Taking a collagen supplement has been proven effective in several cases, despite limitations. For example, collagen supplements will not help improve your skin's health or quality if you do not have a deficiency. If your collagen levels are healthy, your body will not integrate the additional intake. Nevertheless, adding a collagen supplement to your routine can possibly reduce your open pores if low collagen levels are causing them.
Overexposure to sunlight has been the source of several skin problems that range from minor blemishes to major health risks. While the biggest concern with sunlight is developing cancer, there are more mundane consequences associated with it. Sunlight's UV radiation can cause our skin to react defensively, but our bodies cannot always exercise the proper moderation with defense mechanisms.
There have been scenarios where our skin overreacts to stimuli and causes blemishes that could have been avoided. Open pores are one of those results caused by our bodies trying to fend off the excess radiation. The radiation causes the moisture in our skin to evaporate, which can trigger the expansion of skin pores. Therefore, one of the main methods for countering sun-induced open pores is to rehydrate the skin.
The sun's worst enemy in the skincare world is Aloe vera, which you have likely used before if you have ever had a sunburn. While Aloe vera's benefits for sunburns are because it is an anti-inflammatory, the plant contains a large amount of moisture. Aloe vera gel or juice can rehydrate the body in multiple ways, including topical application to the skin.
With the right tool, Aloe vera can moisturize your skin and restore the moisture your pores need to maintain a healthy and reasonable size. Aloe vera already has a history of being used as a moisturizer, but it was primarily used to treat dry skin in general rather than specific issues. Nevertheless, Aloe vera could be the perfect tool for open pores caused by overexposure to the sun.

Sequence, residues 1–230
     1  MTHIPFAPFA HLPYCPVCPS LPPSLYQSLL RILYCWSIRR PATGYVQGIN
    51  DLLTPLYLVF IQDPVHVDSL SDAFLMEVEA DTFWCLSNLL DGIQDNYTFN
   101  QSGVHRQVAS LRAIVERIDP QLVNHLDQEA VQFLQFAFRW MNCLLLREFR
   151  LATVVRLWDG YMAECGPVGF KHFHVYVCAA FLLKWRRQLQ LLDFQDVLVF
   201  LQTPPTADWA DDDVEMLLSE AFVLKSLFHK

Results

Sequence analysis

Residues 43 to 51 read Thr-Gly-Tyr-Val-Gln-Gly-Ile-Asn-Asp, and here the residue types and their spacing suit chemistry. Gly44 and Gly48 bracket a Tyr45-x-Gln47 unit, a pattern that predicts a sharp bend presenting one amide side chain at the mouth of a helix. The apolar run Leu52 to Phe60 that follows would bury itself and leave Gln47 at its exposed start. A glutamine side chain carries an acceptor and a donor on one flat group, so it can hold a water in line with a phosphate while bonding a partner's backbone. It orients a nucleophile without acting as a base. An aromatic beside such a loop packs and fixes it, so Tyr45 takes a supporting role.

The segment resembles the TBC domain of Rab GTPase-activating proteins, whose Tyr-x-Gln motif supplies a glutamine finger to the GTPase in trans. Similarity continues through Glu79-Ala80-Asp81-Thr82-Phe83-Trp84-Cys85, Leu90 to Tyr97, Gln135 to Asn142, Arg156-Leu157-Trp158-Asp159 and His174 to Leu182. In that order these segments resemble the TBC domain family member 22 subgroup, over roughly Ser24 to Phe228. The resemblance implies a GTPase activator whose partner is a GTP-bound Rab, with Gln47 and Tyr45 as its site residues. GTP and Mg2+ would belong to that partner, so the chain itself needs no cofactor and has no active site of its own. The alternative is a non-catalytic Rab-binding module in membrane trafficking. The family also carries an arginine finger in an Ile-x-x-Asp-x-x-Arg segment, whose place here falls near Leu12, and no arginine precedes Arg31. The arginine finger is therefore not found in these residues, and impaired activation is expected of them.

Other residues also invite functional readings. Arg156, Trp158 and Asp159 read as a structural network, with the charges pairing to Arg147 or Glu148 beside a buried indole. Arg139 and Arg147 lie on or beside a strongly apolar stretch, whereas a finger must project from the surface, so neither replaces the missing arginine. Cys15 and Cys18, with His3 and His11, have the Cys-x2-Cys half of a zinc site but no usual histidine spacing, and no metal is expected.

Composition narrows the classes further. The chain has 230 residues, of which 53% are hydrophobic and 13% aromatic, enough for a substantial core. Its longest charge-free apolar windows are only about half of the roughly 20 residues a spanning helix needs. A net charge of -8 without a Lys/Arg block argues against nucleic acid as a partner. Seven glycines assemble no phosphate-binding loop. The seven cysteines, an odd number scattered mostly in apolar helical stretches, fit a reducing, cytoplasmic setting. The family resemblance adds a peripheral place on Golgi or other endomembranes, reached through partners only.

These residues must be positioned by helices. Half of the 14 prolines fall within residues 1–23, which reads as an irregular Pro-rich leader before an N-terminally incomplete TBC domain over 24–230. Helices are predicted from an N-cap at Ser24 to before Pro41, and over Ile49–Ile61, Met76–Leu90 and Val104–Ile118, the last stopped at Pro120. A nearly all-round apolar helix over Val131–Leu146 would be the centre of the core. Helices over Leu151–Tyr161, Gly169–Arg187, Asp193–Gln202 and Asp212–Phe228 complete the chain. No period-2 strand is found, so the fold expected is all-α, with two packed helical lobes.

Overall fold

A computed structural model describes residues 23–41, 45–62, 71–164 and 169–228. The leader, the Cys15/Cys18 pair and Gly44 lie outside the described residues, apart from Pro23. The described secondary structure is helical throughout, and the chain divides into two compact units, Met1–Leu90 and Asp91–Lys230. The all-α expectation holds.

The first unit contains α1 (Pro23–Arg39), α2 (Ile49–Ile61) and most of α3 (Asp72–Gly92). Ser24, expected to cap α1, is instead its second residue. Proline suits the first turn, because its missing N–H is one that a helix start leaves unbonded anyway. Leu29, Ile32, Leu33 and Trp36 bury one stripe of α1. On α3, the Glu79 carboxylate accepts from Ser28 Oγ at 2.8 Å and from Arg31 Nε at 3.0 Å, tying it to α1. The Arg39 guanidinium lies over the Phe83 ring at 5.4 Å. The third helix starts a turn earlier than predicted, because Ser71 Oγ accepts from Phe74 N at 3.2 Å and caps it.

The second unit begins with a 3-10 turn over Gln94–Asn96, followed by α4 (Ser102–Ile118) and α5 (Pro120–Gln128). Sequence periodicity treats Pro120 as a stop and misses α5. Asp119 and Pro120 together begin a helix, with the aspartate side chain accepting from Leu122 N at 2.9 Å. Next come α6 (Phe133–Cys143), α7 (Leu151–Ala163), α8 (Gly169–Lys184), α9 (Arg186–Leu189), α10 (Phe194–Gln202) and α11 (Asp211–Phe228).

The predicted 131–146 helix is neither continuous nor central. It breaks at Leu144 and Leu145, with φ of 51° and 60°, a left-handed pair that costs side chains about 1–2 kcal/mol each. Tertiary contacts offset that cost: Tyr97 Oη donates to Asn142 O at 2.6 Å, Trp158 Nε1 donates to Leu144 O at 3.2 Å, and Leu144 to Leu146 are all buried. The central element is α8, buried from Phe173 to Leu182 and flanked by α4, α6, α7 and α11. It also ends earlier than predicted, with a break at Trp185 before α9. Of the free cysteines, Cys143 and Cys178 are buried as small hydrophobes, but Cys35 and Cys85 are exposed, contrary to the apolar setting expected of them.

While open pores might be a genetic issue for you, it remains a combination of certain physical problems that could be counteracted. The odds are high that you are genetically predisposed to low moisture in your skin that causes the open pores as a symptom. Several products can treat general open pores without a definitive cause. Unfortunately, there is some guesswork since your genetic profile could alter its effectiveness.
Nevertheless, using any previously mentioned substances or a more general product could help reduce your open pores and restore your complexion.
Open pores might affect your complexion, whether you realize it or not, especially since genetics is not the only factor. Open pores have multiple causes, and plenty of people continue to subscribe to the misconception about what an open pore means. Regardless, open pores do not have to define your complexion, and you can work to reduce their severity so they do not mark you. You will have to commit time and effort to your routine and narrow down what caused your open pores to begin with, but they can be treated. The real challenge is finding the right product.
We at Teami have dedicated ourselves to helping our customers manage their appearance and health with natural substances. Rather than using pharmaceutical-grade chemicals, we believe natural plants and compounds can promote the body's innate ability to restore itself. Insofar as open pores are concerned, we recommend our Gentle Superfood Liquid Cleanser, Beauty Butterfly Collagen, or Smooth Exfoliating Body Polish.
The first two can tackle open pores caused by sunlight, collagen deficiencies, or sebum, while the second is more generalized and suited to people with genetic predispositions. We encourage you to visit our website and fully explore our catalog to find the right product for you. After all, finding the right blend is a Teami effort.